CHICAGO -- In 1978, the vote on Proposition 13, a California tax-limitation initiative, ushered in a revolt against big government that shaped the politics of the '80s. On Tuesday, a vote on an Oklahoma term-limitation initiative is likely to signal a revolt against tenured government that could shake up the politics of the '90s.
Polls indicate overwhelming public support for the measure on the Oklahoma runoff primary ballot. It would limit anyone to 12 years of service in the state House and Senate. Similar measures will be on the ballots of California and Colorado in November. Polls there show them favored by more than two-thirds of the voters.
Supporters of the measures are talking about pushing such proposals in a dozen other states by 1992 -- and are aiming at limiting congressional tenure as well.
The movement is a product -- and symptom -- of growing public disillusionment with politics as usual. Interviewing voters in barometer precincts here after Labor Day, I heard a dozen variants of the complaint that: "It doesn't matter who you vote for. Once they're in office, they forget about the promises they've made and the people who elected them."
A national survey by The Post and ABC News this month asked voters whether they thought it more important to "keep experienced people in the House and Senate" or to "elect new people with fresh ideas." Seven out of 10 chose new faces over experience. Democrats, whose party controls Congress, were just as eager as Republicans to shuffle the deck.
That same 70 percent support seems possible and even likely for the term-limitation measures in the three states voting this fall. While the support is broad and nonpartisan, the impetus for term limitation comes from people in the business world -- both mavericks and establishment types -- who are frustrated in their desire to cut spending and regulation by government.
Lloyd Noble II, the Tulsa oil-and-gas man who is financing the Oklahoma initiative, told me he believes that "the waste in almost all aspects of Oklahoma government is horrible, because the politicians won't cut anything in their own districts that helps them get reelected."
Lewis K. Uhler, backer of one of the two California term-limit propositions, is president of the National Tax Limitation Committee. The Free Congress Foundation, another conservative group, is coordinating the effort at the national level. It played host at a recent Washington appearance by state senator Terry Considine (R), the sponsor of the Colorado initiative. Considine, an entrepreneur whose interests range from environmental labs to gas stations, has served in the Colorado legislature for three years, just long enough to convince him that no one should serve more than eight.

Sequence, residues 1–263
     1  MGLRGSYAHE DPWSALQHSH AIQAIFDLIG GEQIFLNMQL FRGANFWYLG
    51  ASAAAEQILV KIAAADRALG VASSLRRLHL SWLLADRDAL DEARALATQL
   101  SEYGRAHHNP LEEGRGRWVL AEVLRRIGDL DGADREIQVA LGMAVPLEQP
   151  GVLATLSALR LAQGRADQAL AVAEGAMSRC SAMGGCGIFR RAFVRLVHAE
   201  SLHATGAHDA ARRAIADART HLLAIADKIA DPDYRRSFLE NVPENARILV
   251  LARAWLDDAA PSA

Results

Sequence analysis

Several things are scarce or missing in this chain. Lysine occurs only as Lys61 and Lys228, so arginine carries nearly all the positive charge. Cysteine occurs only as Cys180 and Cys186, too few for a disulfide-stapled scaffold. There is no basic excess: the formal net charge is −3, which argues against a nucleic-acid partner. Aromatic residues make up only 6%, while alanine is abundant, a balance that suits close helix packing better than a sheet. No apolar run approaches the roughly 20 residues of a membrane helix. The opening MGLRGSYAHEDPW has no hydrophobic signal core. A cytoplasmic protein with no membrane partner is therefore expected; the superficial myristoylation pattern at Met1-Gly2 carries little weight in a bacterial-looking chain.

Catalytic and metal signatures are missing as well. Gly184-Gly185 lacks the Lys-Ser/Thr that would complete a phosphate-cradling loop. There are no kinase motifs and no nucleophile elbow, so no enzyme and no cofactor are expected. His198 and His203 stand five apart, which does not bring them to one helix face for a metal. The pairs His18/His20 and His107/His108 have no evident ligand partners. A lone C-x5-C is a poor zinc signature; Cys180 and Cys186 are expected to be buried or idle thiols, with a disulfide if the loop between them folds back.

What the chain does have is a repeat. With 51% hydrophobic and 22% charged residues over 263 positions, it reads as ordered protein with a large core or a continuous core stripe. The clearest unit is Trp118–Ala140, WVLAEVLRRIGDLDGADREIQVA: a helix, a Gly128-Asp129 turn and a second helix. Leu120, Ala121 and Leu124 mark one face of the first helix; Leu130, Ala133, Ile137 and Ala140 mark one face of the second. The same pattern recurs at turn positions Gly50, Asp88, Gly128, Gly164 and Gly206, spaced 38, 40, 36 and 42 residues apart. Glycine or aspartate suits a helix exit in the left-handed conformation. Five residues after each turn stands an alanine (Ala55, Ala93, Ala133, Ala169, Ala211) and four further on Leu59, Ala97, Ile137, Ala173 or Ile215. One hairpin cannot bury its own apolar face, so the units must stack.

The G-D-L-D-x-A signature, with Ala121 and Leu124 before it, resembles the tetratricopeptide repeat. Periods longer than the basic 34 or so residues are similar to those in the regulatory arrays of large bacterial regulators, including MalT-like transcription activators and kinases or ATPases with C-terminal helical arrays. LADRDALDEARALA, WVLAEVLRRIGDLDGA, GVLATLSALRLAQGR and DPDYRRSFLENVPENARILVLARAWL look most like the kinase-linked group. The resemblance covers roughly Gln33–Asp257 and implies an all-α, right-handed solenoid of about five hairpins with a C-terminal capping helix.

Considine is a persuasive fellow who says he wants to improve government, not just dismantle it. Although he has been a GOP activist and fund-raiser for many years, his motivation cannot be dismissed as purely partisan. As he points out, his party has a solid hold on both houses of the Colorado legislature. The toughest critic of his initiative is the top Republican in the legislature, veteran state Senate President Ted Strickland.
Considine says he is convinced that term limits will encourage better people to seek office and pave the way for passage of other reforms -- including steps to make legislative and congressional districts more competitive and reduce incumbents' advantages in financing their campaigns.
Personally, I think he and the other term-limitation people have got the cart before the horse. What we need are competitive elections, not arbitrary limits on service. I think the unintended consequence of term limits will be to increase the power of unelected officials -- legislative staffs and executive branch bureaucrats. Their expertise will become even more influential when the elected officials are all short-timers, and their arrogance will grow.
But that kind of argument is not going to slow this freight train. The incumbents at both state and national levels are too obviously guilty of feathering their own nests for the public to see that it really has a stake in keeping some of them on the job for more than a few years. The incumbents have drawn districts that protect them from challenge. They have collected extravagant campaign contributions from the lobbyists who must come to them for help. And they have expanded the perquisites of office -- their taxpayer-financed staffs and communications -- to such a level that they are virtually guaranteed reelection as long as they want the job.
No one can defend a system where 98 percent of the incumbents seeking reelection to the U.S. House of Representatives win year after year. No one can defend the Colorado status quo, where, Considine says, no incumbent elected governor has lost since 1962, and no incumbent state senator has been defeated in eight years.
If the incumbents don't recognize the need to permit their challengers to compete on more equal terms, their tenure will almost certainly be reduced by arbitrary term limits. And those term limits will eliminate the able and talented right along with the phonies and the hacks.
And this country will be the loser.